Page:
Minimalism, Zero Waste, Oh My!

About five years or so, I started noticing minimalism enthrall the corners of the internet where I lurked. It started with Marie Kondo I think, with her decluttering prowess and gently folded sock drawers. Less was more; furniture was sleek, simple, and Scandinavian; and that’s without even us reaching the level of hygge.

This pursuit of minimalism for me felt like an outgrowth of my own personal diminutiveness. I was newly graduated, had little more than a suitcase of clothes and a mattress to my name. I didn’t need much of the world and maybe, if I kept it that way, it wouldn’t ask too much of me either. Rather than try to go out and make an impact, I wanted to be as invisible as possible, as light and unimpactful to the world as I could be. Like footprints on the beach.

Minimalism also appealed to my sense of environmental consciousness. Sure, as a member of modern society my carbon footprint was almost necessarily large. But maybe I could make it less. And here was this well-marketed, consumerist-centric way to do it (for, I believe, much of internet-minimalism has morphed into thinly veiled marketing for over-designed luxury products, if it ever was anything else). What could be more easily actionable than to buy something or not buy something else, as the case may be.

Nowadays, I feel myself falling for another trend, similarly pinging at my sense of environmental unease and appeal for nice things: zero waste. Less trash? Sounds good. “Plant-based” products? How a-peel-ing. It’ll save me money? Tell me more!

Here is a list of “zero waste” things I have done already:

  • use reusable cloth tote for groceries and other purchases
  • replaced paper towels with cloth napkins and rags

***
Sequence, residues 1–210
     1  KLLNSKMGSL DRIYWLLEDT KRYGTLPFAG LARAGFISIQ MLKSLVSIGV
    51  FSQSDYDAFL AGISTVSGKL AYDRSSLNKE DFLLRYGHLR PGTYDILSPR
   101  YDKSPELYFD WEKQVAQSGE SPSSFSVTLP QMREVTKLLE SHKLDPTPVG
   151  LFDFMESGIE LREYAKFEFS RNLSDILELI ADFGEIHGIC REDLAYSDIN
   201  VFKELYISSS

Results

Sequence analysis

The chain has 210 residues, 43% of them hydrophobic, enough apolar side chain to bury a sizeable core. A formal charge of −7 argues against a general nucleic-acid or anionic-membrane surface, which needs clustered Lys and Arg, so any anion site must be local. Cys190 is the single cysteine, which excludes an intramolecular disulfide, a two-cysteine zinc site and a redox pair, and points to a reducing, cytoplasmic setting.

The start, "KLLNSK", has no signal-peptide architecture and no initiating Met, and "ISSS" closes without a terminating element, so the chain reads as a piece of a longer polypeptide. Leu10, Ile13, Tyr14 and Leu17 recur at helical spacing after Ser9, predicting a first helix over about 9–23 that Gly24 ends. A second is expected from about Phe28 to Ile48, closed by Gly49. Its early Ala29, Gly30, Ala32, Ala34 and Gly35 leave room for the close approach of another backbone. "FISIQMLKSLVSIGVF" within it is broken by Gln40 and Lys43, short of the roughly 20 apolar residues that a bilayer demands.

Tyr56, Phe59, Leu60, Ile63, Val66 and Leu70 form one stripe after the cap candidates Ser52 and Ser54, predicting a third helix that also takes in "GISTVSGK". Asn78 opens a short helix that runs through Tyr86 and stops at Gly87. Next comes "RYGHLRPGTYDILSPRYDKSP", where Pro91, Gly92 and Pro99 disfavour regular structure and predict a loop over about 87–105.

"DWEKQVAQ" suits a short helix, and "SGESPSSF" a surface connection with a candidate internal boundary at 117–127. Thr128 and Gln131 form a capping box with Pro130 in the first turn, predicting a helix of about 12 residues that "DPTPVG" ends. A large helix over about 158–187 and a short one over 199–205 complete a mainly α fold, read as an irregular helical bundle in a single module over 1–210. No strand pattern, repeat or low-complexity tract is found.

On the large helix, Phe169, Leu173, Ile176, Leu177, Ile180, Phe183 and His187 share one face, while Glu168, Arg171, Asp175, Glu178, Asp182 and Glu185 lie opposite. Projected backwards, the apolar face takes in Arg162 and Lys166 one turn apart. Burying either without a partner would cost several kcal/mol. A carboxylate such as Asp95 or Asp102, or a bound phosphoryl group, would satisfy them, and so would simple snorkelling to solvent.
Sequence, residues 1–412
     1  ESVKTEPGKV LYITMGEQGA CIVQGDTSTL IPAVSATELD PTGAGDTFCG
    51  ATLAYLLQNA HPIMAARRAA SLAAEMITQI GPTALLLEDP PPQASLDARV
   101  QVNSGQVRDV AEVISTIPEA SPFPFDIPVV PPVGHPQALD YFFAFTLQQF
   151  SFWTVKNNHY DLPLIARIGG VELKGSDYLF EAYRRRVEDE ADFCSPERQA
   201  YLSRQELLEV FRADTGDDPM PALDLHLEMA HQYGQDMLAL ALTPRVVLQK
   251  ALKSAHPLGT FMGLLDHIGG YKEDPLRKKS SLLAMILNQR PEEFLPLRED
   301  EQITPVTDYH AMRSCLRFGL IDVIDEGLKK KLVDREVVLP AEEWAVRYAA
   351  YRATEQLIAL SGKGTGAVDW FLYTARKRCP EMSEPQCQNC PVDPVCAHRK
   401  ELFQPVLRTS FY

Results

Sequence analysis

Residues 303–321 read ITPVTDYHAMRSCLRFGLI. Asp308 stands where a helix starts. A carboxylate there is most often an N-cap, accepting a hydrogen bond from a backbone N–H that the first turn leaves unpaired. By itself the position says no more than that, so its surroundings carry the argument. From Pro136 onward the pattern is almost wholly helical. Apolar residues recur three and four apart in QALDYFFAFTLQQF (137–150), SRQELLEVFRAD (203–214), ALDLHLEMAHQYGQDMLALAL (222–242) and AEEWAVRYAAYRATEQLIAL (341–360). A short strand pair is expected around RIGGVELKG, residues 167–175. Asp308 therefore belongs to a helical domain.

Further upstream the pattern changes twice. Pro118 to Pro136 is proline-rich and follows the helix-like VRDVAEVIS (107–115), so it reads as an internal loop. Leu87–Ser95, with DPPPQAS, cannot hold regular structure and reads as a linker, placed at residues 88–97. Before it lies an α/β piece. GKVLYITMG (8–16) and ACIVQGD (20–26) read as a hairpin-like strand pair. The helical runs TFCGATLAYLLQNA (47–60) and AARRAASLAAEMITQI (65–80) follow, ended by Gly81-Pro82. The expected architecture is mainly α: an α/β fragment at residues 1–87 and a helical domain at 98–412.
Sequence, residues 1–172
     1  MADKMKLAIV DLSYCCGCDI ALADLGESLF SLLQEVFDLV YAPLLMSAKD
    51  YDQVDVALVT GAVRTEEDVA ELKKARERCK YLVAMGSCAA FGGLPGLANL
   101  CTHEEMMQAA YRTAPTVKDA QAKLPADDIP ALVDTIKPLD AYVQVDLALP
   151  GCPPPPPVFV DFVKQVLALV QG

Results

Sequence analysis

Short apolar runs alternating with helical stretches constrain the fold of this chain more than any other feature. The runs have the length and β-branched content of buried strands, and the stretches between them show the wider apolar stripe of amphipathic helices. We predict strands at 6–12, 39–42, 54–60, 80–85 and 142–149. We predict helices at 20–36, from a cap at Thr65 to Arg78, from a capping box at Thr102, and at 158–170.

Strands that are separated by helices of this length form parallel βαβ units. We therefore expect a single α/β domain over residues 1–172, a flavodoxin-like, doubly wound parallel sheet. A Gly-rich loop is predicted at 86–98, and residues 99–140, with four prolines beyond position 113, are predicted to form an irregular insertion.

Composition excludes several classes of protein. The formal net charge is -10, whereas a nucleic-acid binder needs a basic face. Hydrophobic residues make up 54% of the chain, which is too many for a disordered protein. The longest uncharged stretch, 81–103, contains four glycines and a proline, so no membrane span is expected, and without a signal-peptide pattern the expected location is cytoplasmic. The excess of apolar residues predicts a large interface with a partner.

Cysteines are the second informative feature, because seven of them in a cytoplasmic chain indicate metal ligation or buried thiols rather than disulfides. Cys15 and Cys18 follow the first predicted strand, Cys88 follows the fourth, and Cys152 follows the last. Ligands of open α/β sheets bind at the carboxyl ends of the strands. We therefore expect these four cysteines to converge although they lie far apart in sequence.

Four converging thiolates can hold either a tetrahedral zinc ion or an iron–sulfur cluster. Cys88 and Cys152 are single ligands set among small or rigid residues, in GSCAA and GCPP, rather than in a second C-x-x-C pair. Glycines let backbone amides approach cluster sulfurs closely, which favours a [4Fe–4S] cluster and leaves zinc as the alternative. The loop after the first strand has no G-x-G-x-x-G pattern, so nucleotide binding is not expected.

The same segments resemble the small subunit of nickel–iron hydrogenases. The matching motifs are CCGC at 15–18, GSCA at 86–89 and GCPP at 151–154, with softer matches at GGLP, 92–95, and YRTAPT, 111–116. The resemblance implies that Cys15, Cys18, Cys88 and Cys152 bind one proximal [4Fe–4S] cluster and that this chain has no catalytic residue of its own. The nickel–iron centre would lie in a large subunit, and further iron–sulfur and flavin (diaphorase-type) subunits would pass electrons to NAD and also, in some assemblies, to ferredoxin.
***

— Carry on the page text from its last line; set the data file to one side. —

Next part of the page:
• composting scraps, zero food waste
  • replace one-use sanitary pads with reusable cotton pads
  • nix dryer sheets in favor of wool dryer balls
  • mostly purchase used clothing
  • mostly eliminated disposable dish ware
  • purchase vegetables through CSA delivery with minimal to no packaging
  • don’t own a car, generally walk or take public transit
  • improved energy efficiency for the house – solar, heat pump, water saving, LED lightbulbs, insulation

Here are some things I’m considering to become more “zero waste”:

  • bringing my own containers to use for takeout (this feels like it could be a health code violation, more research needed)
  • use bees wax wrap instead of disposable plastic bags to store food
  • eliminate 2-day shipping and food delivery in favor of my own two feet

Here are some things I am interested in changing, but have no idea how to begin (suggestions welcome!):

  • how to get food delivered to my house for game nights, etc. without producing a metric ton of takeout container trash
  • finding sustainable home supplies, especially for items that are regularly replaced, e.g. HVAC filters, vacuum bags, batteries, etc.

And here are the zero waste things I 100% will not be doing:

  • ask my fiancé to give up his car
  • grey water or composting toilets (nitrogen cycle human waste)
  • stop myself from having kids
  • not travel on planes (though I do want to be more mindful of how often I travel)
  • eliminate plastic from my life entirely
  • going vegetarian (though I may change my diet to limit myself to chicken and fish for protein)

Do you try to be a “minimalist” or “zero waste”? What “zero waste” things do you do? How do you feel about these paring-down lifestyle trends?